It was a poignant moment for brave 12-year-old Josh Bright, when he opened Bedfordshire’s first Magpas Air Ambulance charity shop, in Sandy.
The air ambulance came to Josh’s rescue in 2014, when he was left critically injured and fighting for his life following a horrific traffic collision.
On Monday August 7, Josh and his family joined the deputy mayor of Sandy Mike Scott and his wife Lynda to officially open the Magpas Air Ambulance charity shop.
Before cutting the ribbon, Josh, from Wootton, said: “I’d like to thank Magpas for saving my life and saving the lives of others.”
Mr Scott said: “I’ve followed the work of Magpas Air Ambulance for a long time and it’s lovely to see how much the charity has evolved over the years.”
Josh’s mum, Sam, said: “We were in such a bad place after Josh’s incident, it’s amazing to see how much things have changed and be able to be part of the really good and exciting side of this charity.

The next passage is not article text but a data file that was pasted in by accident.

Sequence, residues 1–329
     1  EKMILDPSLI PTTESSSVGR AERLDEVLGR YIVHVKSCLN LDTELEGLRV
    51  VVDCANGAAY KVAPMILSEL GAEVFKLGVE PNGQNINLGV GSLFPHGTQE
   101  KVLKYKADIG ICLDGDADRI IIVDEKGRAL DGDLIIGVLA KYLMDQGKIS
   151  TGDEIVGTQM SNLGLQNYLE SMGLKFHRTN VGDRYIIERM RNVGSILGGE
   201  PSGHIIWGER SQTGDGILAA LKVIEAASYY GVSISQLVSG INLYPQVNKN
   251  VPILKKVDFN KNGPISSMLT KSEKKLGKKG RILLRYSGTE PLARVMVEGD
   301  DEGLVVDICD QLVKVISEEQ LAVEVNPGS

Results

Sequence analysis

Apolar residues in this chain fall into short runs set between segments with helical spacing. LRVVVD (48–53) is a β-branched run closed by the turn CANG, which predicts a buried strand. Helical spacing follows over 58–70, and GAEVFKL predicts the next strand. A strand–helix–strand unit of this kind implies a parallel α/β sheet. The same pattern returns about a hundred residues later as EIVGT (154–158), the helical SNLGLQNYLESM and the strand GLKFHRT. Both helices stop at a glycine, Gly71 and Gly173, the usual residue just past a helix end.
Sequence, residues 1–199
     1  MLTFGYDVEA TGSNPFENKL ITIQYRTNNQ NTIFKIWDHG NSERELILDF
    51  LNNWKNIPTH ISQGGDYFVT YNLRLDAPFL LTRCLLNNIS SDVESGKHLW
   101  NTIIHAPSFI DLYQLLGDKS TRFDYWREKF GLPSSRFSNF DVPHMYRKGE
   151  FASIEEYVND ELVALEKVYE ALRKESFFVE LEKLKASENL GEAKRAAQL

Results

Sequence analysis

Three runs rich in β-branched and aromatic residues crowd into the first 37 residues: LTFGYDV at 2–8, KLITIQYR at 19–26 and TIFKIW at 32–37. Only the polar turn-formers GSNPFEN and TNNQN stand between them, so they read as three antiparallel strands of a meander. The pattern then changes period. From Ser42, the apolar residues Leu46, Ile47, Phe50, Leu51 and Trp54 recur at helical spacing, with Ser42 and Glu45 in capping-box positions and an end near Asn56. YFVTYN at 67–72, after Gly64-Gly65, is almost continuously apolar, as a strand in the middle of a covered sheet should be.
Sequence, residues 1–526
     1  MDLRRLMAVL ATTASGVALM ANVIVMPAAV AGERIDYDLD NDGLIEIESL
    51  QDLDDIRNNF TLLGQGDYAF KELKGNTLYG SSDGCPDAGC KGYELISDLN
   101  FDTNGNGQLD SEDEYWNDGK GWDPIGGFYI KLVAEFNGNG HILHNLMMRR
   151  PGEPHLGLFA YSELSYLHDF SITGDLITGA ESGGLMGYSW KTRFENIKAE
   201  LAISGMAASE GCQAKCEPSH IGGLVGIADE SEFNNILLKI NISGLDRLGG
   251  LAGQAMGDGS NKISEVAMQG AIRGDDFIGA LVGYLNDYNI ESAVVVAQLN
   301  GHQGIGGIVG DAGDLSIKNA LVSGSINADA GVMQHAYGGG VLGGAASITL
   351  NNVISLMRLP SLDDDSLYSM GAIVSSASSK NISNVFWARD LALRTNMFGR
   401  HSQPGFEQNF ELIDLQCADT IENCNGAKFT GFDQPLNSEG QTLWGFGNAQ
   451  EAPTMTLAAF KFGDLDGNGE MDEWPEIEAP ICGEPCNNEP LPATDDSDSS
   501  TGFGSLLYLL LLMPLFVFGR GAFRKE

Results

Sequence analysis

“It was such a privilege to even be considered to open the new charity shop and be a part of this day. It’s meant the world to Josh and our family.”
In December 2014, Josh was involved in a horrific incident in Bedford when he was crushed between two cars, leaving him with critical injuries.
Thankfully, the air ambulance’s enhanced doctor and paramedic team was able to make a crucial difference, giving him hospital-level care at the scene before taking him to Addenbrooke’s Hospital for further treatment.
On September 2, Josh, his parents and his younger sister will be setting off on a 30.6-mile walk, in aid of the air ambulance charity that helped save his life.
The family are setting off from the site of Josh’s accident, on Tavistock Street in Bedford, and walking to Sandy, before heading to Addenbrooke’s, in Cambridge.
Dad Nick said: “It’s an honour to promote a cause that’s so close to our hearts, for obvious reasons.
“Without the care from Magpas Air Ambulance that night, I dread to think what the outcome would have been.
“As for the walk, it’s our sign of appreciation for everything Magpas did for us and for thousands of other seriously ill and injured patients in the east of England and beyond.”